prenatal care, Children’s Bureau, Sheppard-Towner Act, Progressive Era, rural

Prenatal Care in the Rural United States, 1912–1929

Wed, December 28, 2022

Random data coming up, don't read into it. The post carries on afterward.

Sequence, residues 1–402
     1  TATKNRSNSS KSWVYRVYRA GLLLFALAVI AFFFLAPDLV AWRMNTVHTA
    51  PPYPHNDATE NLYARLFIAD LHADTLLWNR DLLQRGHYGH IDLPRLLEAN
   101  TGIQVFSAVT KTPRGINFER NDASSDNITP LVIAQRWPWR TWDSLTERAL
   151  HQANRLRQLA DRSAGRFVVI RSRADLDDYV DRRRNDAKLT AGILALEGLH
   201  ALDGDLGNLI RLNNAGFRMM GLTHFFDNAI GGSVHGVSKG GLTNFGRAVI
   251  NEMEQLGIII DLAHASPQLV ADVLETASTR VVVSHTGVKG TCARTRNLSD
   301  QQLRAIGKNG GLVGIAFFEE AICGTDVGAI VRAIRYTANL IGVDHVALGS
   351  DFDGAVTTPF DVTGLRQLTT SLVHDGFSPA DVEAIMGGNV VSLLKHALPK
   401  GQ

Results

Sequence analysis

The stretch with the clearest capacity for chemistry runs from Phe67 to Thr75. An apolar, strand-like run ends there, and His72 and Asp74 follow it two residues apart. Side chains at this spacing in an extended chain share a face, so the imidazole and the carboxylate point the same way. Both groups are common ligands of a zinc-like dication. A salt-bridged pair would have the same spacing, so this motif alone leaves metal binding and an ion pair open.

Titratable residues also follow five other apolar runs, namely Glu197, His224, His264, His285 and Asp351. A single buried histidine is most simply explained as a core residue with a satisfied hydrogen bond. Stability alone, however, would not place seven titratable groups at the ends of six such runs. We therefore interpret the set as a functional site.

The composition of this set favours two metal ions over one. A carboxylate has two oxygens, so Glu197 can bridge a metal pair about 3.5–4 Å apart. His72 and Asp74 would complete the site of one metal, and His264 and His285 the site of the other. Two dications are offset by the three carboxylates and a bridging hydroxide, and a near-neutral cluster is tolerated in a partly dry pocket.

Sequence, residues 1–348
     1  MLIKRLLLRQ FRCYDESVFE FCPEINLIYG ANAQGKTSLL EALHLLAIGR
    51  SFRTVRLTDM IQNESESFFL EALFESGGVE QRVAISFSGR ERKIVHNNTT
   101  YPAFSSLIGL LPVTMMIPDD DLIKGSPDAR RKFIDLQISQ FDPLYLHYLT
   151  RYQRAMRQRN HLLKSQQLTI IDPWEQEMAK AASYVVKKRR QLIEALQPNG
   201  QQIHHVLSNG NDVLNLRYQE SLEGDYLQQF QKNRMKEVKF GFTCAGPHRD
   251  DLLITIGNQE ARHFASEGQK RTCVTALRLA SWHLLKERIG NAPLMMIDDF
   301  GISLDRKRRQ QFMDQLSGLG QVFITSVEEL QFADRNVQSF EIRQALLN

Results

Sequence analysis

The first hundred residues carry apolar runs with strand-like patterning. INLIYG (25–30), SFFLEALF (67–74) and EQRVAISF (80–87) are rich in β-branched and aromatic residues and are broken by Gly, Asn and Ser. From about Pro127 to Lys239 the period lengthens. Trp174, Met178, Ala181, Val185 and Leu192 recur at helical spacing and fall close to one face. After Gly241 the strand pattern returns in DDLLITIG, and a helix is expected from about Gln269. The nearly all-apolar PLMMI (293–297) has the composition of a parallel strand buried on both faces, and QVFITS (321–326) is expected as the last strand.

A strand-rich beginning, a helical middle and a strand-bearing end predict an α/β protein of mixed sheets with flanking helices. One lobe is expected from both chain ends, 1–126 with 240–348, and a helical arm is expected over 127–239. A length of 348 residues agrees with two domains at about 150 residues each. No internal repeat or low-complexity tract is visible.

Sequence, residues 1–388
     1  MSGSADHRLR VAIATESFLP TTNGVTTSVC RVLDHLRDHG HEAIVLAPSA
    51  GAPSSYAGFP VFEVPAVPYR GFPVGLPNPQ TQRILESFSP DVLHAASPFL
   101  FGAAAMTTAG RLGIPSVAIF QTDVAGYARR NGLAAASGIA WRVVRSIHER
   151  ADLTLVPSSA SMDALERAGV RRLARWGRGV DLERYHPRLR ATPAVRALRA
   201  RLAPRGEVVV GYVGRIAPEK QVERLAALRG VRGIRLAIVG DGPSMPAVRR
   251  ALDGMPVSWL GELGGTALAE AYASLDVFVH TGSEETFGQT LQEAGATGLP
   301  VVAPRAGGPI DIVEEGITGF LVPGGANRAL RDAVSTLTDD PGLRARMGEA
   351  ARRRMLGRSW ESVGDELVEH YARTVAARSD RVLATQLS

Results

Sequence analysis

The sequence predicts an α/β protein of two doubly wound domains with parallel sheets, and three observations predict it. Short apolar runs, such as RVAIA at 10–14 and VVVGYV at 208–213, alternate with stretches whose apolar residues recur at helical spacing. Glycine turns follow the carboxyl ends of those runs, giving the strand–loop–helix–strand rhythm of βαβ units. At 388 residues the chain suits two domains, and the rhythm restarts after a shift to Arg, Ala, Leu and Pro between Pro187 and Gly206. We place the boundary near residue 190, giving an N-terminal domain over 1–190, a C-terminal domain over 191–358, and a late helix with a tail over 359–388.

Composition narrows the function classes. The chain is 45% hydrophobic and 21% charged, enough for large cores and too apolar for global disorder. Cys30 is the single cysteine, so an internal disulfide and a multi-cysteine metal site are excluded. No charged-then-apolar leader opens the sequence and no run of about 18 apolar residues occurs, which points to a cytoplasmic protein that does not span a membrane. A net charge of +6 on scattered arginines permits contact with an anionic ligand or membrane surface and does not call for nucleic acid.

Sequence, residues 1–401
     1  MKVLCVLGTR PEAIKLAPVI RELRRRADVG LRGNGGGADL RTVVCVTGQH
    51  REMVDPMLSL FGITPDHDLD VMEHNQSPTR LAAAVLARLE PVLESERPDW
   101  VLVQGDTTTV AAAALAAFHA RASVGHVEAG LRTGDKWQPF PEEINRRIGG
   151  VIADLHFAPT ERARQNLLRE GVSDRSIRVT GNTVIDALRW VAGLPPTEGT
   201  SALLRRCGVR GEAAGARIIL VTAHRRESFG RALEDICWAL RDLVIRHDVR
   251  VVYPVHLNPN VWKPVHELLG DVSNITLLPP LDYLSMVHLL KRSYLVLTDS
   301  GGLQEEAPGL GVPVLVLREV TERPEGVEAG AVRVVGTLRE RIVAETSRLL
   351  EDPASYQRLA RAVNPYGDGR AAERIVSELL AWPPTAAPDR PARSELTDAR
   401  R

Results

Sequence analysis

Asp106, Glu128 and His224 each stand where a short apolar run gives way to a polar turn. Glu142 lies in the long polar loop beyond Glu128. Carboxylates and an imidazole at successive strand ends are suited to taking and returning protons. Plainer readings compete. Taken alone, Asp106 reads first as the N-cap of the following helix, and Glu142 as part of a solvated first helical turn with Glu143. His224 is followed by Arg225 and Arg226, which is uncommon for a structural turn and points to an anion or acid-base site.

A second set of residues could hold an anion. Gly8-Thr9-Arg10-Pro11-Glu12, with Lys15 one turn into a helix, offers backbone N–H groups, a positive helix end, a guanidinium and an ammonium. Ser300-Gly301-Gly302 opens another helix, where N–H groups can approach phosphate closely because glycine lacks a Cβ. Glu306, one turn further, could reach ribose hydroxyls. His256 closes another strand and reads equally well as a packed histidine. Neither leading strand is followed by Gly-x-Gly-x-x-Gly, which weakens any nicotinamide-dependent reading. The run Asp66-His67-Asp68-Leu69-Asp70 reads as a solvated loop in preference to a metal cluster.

In 1920, maternal mortality rates in the United States exceeded those of other industrialized nations. To redress this statistic, the federal Children’s Bureau set its sights on improving access to prenatal care at a time when 80 percent of American women received none. In 1921, following lobbying by urban, middle-class progressive women working at or in support of the Bureau, the government legislated for prenatal care programs through the Sheppard-Towner Act. To date, historians have focused on how successfully women implemented the act’s provisions, paying less attention to whether support for rural mothers reduced maternal mortality rates. Using Children’s Bureau pamphlets, documents pertaining to the Sheppard-Towner Act, and letters written to the Bureau from poor, rural women, this article brings government workers, medical professionals, and the women they served into dialogue to analyze the first push to establish prenatal care for underserved American women and the obstacles that stood in the way.